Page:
~1 1/8 cup all-purpose flour
1/3 cup milk I used 2% here, but you can use anything. I bet buttermilk would add an awesome tangy-ness
1/3 cup water
1 tbsp butter
1/8 tsp instant yeast
1/8 tsp salt
cornmeal for dusting
Start this process the night before you want to eat the muffins.
Measure out 1 cup of flour by scooping and leveling out with a knife. Add it to your plastic container. I am usually a huge proponent for using a scale because it’s much more accurate, but we’ll make do here. To deal with this loss of accuracy, take out another 1/4 cup of flour and have it standing by.
Add the 1/8 tsp each of instant yeast and salt to the flour. Mix it briefly.
Measure out 1/3 cup each of milk and water and put it into a mug. Add the tbsp of butter to this. Pop it in the microwave for 15-30 seconds or until it’s somewhere between lukewarm and warm. The butter will be just starting to melt. Mix in the butter and add all of the liquid to the flour mixture.
Mix with a spatula, spool, hand, or whatever. My dough was too wet at this point, so I added about 1/8 of a cup from the flour that was reserved earlier. Mix some more. The dough should be quite soft and somewhere between sticky and tacky. It will get less sticky as it rests, don’t worry. The high ratio of liquid to flour is needed to ensure nice big holes in the final product.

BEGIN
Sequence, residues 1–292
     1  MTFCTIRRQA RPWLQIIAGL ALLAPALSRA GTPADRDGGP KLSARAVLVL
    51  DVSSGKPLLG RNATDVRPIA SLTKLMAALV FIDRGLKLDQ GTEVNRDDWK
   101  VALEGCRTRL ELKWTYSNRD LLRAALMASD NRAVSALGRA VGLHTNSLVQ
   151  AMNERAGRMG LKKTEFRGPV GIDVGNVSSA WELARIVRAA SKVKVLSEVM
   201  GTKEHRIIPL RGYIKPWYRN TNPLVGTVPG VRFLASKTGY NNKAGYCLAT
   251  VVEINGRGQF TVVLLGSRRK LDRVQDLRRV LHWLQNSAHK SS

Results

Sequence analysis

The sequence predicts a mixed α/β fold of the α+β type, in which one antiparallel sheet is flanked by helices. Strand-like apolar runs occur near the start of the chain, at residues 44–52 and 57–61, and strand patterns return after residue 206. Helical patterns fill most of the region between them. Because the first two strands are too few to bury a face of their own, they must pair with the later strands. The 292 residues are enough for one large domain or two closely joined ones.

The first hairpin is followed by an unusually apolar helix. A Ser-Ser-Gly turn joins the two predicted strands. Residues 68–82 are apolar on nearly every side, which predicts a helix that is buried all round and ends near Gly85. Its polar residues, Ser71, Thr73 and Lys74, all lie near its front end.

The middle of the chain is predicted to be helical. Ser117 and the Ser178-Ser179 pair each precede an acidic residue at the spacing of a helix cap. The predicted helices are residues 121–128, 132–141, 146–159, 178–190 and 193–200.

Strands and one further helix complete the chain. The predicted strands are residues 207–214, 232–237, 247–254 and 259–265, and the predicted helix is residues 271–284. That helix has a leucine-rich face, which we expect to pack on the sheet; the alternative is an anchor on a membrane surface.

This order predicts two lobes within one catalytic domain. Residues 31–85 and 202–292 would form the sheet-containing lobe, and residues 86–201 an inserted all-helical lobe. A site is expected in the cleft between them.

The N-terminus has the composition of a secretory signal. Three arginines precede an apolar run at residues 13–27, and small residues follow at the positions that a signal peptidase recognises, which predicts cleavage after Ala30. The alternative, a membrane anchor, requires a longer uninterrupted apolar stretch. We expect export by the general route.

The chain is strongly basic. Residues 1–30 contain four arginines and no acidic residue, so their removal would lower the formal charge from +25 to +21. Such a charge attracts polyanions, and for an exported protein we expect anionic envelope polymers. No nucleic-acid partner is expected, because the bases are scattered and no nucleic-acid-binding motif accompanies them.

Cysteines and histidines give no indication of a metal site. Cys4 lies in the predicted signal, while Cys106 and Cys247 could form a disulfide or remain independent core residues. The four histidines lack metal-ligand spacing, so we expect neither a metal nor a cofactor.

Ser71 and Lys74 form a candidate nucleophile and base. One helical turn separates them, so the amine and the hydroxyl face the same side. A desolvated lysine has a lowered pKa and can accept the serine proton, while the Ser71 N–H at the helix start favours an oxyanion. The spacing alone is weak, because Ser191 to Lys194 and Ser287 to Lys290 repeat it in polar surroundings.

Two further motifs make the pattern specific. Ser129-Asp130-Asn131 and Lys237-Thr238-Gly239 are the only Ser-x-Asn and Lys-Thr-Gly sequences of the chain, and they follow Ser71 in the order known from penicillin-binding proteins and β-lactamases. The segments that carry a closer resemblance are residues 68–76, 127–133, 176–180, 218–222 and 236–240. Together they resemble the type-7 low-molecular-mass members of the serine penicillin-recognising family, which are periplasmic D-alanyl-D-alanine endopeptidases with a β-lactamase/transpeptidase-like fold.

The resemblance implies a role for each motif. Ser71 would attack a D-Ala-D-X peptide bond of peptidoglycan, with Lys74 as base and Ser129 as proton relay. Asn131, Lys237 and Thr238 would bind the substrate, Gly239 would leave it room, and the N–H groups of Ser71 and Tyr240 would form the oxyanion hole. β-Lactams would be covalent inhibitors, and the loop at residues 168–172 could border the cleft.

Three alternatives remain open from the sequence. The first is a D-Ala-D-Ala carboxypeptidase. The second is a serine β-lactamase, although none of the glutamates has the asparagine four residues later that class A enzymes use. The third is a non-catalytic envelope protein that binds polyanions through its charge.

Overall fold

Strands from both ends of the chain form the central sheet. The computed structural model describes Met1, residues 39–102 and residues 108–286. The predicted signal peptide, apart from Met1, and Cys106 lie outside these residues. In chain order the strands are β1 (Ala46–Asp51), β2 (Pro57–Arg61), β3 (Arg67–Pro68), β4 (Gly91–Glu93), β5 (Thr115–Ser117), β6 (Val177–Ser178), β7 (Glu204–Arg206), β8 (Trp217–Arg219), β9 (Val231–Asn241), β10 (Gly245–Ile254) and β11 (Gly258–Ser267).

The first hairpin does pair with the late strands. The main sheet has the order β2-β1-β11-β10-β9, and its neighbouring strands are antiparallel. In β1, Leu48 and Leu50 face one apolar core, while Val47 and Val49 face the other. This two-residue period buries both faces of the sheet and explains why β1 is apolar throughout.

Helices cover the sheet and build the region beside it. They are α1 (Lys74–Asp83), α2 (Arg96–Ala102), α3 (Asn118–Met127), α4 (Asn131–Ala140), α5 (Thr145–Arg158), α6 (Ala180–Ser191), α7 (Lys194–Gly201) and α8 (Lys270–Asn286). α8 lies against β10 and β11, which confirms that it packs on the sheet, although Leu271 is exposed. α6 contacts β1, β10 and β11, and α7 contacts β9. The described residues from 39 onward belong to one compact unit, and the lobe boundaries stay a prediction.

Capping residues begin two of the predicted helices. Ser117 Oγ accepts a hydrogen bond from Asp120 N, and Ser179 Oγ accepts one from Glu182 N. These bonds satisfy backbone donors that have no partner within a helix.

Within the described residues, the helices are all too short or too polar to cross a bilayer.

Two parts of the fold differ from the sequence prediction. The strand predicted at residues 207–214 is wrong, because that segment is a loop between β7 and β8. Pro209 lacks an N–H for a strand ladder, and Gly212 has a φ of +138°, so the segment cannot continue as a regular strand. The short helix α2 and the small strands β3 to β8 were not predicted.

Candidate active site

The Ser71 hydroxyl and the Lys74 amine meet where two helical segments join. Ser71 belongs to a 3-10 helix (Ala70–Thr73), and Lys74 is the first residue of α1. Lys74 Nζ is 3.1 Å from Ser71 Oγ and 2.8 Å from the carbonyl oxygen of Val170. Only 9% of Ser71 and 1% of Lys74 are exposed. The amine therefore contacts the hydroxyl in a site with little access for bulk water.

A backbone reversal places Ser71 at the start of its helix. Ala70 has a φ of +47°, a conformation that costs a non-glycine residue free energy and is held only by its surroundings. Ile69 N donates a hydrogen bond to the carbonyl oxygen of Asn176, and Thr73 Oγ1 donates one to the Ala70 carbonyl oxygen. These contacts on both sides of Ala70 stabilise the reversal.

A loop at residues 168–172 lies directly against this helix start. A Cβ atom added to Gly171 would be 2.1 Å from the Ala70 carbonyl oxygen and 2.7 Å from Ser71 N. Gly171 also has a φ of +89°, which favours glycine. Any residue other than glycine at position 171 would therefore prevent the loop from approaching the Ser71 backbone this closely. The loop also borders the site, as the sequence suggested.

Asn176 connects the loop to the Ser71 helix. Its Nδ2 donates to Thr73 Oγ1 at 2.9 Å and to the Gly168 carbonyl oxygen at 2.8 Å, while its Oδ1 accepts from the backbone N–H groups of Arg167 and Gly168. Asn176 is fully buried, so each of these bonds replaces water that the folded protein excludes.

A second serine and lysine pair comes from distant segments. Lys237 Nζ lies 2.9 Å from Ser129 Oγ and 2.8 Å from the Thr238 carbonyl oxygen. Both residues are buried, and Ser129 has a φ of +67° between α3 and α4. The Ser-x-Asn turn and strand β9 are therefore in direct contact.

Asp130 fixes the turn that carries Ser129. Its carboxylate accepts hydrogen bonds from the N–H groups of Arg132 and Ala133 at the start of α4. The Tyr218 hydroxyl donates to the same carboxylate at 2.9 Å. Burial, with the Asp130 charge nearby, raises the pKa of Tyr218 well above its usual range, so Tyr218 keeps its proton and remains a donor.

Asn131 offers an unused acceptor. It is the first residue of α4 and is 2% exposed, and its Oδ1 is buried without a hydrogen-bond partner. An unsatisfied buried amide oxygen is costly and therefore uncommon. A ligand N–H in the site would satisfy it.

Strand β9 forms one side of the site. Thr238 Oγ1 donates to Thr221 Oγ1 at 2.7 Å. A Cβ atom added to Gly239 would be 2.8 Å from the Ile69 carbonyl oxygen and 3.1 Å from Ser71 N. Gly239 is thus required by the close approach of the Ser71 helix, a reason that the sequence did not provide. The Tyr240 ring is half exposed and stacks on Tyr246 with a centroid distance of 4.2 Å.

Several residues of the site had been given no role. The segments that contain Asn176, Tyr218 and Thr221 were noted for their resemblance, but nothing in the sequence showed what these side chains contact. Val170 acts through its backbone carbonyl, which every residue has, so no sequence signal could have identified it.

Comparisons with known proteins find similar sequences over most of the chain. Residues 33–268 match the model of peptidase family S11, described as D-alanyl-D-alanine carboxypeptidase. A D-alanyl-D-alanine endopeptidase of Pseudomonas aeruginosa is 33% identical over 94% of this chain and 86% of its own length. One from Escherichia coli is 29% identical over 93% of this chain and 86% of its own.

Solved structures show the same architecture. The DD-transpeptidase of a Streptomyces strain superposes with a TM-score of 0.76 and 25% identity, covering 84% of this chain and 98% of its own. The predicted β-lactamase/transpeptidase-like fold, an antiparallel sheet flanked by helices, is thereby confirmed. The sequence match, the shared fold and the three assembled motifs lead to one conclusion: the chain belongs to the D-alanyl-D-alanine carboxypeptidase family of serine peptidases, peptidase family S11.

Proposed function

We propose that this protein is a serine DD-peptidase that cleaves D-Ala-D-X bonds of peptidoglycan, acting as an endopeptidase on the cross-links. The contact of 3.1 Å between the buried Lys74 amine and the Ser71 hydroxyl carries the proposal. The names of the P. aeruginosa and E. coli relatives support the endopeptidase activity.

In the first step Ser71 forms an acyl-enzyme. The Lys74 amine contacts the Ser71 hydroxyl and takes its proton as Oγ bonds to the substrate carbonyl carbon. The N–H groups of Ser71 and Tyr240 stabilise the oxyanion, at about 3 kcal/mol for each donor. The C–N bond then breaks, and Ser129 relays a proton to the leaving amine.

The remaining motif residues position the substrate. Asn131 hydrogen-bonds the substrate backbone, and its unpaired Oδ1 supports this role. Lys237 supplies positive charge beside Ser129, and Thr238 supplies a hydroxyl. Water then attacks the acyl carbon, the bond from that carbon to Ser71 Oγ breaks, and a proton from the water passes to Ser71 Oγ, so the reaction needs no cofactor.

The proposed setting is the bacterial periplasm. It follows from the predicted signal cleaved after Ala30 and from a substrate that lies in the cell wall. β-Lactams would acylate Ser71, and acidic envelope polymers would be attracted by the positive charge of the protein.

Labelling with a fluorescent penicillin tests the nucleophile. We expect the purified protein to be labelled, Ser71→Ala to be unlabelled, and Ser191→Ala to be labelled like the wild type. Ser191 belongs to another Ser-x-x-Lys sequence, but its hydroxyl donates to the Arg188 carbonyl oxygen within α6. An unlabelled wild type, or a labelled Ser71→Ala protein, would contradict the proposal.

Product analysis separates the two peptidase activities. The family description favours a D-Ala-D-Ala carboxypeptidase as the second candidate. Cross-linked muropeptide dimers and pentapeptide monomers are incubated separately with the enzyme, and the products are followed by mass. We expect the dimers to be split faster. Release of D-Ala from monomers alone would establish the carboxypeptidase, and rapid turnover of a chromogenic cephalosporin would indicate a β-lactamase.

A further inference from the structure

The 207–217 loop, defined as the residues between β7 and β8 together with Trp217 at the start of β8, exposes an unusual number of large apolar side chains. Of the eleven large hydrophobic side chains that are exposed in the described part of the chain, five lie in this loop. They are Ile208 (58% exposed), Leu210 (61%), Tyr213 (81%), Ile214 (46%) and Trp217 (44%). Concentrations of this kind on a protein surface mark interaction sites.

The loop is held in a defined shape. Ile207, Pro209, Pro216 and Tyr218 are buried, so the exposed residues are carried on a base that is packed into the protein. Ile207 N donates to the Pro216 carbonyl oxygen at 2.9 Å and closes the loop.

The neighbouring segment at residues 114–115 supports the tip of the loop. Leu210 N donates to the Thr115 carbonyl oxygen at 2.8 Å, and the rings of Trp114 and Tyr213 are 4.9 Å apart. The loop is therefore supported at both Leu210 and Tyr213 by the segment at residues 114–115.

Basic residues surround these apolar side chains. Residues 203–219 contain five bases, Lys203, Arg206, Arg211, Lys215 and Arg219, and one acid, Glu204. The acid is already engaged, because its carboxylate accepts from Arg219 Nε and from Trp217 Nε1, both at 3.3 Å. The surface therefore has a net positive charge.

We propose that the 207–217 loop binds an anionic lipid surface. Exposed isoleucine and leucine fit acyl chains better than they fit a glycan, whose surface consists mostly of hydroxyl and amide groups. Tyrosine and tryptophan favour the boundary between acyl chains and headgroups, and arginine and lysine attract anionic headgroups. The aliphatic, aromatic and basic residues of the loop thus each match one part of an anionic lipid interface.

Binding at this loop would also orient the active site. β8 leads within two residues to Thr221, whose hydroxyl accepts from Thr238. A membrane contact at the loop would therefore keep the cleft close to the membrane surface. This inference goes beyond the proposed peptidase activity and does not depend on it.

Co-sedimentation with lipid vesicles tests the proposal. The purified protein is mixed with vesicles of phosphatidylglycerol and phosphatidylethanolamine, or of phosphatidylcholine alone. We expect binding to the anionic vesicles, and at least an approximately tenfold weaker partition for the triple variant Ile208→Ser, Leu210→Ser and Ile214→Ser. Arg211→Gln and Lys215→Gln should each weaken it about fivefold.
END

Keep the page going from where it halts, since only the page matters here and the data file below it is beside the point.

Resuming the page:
Once the dough has come together, just scrape down the sides of the container and lid it up. You don’t really have to worry about mixing too much or too little, Whenever you think it’s thoroughly mixed, it’s good.
Now let it sit at room temperature for 12 hours or so.
The next morning, the dough will have doubled in size. Turn it out onto a (cornmeal) floured surface and fold to redistribute the nutrients for the yeasty beasties. You just enough flour to prevent sticking.
- grab one side of the dough, stretch it out and fold it over just past the midline
- repeat for the opposite side
- repeat for the other two sides
Turn it seam side down, cover, and let rest for 10 minutes. I just covered it with a cereal bowl, but you could use plastic wrap or a tea towel too.
After resting, the gluten will have relaxed a bit. You can now roll it out to about 1 cm or slightly over 3/8 inches in thickness.
Then take your cookie cutter or cup and punch out rounds and transfer them to another floured surface.
Take the leftover scraps, stick them together, roll out, and punch more rounds. If you used too much flour on your surface (not so much of an issue for corn meal), it might be hard to get the scraps to stick back together, so use only what you need. Also, if the dough is too elasticy, it may be necessary to let the dough rest a bit before rolling it out again.
Cover the dough circles with a sheet of plastic or a tea towel and let it rest for 30 minutes. During this time, clean up some of the mess you have made, brew a coffee, and heat up the griddle over medium heat.
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